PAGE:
The new path to privacy after the failure of European data regulations

The endless cookie settings that appear for every website look a bit like the prank compliance of an internet determined not to change. ...

The endless cookie settings that appear for every website look a bit like the prank compliance of an internet determined not to change. He is very boring. And it looks a bit like a revenge of the regulators by the data markets, giving the General Data Protection Regulation (GDPR) a bad name and so it might seem like the political bureaucrats have, once again, awkwardly hampered the otherwise smooth progress of innovation. .

The truth is, however, that the view of privacy put forward by the GDPR would spur an era of innovation that is much more exciting than current sleaze-tech. As it stands, however, it just doesn’t succeed. What is needed is an infrastructural approach with the right incentives. Let me explain.

Granular metadata gathered behind the scenes

As many of us now know, an endless amount of data and metadata is produced by laptops, phones and all devices with the prefix “smart”. So much so that the concept of a sovereign decision on your personal data makes little sense: if you click “no” to cookies on a site, an email will nevertheless have discreetly delivered a tracker. Delete Facebook and your mom will have tagged your face with your full name on an old birthday photo and so on.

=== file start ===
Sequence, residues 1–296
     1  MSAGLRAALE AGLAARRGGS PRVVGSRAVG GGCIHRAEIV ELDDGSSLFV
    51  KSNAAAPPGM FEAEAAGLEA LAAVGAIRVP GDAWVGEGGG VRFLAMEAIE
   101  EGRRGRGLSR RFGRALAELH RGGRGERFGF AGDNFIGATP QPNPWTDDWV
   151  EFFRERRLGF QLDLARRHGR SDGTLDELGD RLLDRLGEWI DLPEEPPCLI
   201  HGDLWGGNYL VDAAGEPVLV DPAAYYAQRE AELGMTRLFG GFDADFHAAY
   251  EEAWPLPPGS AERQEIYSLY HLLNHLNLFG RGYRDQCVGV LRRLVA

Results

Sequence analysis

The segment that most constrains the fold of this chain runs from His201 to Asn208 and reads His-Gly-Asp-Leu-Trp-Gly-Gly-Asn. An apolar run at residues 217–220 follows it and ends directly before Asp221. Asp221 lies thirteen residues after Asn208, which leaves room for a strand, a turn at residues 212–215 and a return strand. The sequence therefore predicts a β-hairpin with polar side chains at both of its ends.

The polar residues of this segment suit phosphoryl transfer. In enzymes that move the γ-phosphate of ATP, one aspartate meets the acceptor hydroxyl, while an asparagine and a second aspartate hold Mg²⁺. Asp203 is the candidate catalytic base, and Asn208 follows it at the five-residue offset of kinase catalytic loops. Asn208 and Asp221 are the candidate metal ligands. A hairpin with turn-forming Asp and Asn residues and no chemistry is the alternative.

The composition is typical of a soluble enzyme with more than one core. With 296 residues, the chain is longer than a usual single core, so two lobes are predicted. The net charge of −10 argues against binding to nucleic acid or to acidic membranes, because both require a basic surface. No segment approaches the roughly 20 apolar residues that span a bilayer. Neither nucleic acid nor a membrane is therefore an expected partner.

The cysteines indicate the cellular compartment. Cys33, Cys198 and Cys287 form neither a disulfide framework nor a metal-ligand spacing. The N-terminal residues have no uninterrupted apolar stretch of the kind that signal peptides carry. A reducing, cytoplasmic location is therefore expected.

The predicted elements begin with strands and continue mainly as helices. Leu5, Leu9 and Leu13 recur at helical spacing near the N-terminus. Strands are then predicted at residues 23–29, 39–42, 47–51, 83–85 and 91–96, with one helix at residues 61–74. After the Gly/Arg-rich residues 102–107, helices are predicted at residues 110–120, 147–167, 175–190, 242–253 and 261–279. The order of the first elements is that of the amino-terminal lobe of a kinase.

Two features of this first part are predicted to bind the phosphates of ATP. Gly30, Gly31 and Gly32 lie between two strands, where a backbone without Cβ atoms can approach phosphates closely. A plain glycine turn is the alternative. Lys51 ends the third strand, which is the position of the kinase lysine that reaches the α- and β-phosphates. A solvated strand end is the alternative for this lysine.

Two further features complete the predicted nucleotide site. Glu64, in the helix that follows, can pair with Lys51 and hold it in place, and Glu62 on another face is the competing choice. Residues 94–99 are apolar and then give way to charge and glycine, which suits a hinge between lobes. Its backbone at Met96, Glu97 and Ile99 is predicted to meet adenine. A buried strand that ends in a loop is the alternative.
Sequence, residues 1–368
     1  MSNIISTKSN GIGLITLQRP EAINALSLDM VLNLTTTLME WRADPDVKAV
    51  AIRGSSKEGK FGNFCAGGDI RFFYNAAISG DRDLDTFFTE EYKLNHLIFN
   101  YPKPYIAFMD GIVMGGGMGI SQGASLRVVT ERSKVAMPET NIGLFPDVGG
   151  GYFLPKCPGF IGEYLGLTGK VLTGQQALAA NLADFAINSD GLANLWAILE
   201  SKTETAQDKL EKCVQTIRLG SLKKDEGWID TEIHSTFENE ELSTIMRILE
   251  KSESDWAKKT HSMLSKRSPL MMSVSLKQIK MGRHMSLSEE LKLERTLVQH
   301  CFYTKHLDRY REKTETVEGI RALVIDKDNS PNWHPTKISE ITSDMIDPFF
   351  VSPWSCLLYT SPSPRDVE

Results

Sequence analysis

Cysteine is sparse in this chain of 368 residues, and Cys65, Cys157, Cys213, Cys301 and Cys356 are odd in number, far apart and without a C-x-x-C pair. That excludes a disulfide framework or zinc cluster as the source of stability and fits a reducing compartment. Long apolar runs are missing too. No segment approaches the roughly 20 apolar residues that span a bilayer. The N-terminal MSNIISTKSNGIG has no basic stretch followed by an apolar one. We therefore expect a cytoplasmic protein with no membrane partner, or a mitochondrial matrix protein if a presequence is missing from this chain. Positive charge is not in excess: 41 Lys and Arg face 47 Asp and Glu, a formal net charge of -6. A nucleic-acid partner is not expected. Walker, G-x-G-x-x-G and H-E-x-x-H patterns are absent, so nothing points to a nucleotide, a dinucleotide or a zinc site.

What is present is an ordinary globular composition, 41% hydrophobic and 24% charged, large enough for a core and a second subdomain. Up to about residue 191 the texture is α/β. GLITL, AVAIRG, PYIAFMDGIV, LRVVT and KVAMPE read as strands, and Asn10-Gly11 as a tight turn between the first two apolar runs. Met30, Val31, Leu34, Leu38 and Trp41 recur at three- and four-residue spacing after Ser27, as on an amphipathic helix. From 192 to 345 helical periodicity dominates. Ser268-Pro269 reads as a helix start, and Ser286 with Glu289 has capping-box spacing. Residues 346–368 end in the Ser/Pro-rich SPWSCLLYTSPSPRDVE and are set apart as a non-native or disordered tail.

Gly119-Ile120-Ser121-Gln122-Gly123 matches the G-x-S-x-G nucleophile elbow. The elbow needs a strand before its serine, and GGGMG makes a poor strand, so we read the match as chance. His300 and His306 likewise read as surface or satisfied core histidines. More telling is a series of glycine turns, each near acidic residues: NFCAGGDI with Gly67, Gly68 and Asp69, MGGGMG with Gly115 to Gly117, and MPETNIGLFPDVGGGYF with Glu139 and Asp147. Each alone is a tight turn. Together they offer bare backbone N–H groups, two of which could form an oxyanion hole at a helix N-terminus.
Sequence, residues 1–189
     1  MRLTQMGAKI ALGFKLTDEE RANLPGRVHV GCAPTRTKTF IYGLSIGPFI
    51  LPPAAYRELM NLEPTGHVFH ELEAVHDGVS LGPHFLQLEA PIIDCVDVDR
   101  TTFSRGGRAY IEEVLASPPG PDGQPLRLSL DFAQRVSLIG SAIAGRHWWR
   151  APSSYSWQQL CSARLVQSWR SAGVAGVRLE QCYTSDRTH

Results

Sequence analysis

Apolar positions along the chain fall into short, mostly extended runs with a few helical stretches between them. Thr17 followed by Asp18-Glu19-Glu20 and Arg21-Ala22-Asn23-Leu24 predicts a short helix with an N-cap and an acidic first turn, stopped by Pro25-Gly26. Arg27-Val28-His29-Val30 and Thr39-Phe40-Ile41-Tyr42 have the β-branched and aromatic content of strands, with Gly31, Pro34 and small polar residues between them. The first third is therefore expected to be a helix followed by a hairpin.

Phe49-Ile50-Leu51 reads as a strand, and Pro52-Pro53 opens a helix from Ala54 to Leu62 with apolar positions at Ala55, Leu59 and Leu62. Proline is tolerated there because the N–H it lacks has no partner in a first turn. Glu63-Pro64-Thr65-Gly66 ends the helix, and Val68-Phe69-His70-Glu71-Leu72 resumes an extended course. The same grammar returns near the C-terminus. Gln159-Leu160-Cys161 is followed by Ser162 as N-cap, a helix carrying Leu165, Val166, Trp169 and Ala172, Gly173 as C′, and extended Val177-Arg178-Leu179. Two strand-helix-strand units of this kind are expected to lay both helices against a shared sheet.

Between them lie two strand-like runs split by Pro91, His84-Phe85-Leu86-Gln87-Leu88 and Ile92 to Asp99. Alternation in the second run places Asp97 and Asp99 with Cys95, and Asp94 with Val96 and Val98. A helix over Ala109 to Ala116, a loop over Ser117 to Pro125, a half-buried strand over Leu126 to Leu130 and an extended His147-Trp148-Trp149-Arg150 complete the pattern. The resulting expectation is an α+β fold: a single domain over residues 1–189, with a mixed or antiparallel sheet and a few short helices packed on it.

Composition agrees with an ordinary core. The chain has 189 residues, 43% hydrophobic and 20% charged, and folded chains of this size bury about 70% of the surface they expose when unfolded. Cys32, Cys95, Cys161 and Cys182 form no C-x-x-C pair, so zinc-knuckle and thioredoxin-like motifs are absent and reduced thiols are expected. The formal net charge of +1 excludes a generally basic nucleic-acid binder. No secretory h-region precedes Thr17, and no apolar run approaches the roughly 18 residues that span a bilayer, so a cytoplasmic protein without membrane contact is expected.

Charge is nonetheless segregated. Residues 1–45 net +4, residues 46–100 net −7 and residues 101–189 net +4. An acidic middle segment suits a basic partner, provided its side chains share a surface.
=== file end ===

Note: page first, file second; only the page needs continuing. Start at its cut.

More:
What’s different today (and why in fact a CCTV camera is a terrible representation of surveillance) is that even if you choose and have the skills and know-how to protect your privacy, the Overall environment of mass metadata collection will always hurt you. It’s not about your data, which will often be encrypted anyway, but how collective metadata feeds will nonetheless reveal things at a fine level and make you appear as a target – a potential customer or a suspect. potential if your role models stand out.

Related: Data privacy concerns rise and blockchain is the solution

Despite what that might look like, however, everyone actually wants privacy. Even governments, businesses and especially military and national security agencies. But they want privacy for themselves, not for others. And that gets them into a conundrum: How can national security agencies, on the one hand, prevent foreign agencies from spying on their populations while simultaneously constructing backdoors for them to force?